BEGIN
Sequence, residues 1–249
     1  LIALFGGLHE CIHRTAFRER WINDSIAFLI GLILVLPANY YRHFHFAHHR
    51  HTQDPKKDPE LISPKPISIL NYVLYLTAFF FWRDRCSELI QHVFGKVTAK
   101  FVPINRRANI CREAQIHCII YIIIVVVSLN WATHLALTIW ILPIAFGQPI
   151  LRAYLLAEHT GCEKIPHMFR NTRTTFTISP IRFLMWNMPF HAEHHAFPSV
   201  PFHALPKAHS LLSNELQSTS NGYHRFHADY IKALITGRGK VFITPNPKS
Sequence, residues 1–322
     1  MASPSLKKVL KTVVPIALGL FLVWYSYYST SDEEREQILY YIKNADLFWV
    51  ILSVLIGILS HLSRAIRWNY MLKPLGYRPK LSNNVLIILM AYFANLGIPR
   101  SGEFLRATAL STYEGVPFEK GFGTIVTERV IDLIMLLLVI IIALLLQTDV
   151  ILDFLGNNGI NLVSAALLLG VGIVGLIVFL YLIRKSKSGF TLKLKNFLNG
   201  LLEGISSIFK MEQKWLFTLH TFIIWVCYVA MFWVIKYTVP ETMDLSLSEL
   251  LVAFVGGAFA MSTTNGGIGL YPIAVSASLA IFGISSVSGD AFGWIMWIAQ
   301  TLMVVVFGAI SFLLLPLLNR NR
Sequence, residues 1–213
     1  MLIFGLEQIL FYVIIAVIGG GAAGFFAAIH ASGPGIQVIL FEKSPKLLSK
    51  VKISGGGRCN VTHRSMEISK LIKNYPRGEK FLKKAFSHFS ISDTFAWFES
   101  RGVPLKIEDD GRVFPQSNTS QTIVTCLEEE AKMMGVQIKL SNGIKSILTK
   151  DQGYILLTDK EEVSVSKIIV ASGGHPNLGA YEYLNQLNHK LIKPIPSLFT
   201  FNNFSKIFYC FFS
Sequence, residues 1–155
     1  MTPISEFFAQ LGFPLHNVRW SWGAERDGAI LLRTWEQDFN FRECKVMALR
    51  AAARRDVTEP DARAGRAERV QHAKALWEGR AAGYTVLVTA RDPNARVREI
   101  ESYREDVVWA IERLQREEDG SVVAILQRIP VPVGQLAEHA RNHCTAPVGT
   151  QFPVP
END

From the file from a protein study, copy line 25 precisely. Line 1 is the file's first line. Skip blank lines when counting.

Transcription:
   151  QFPVP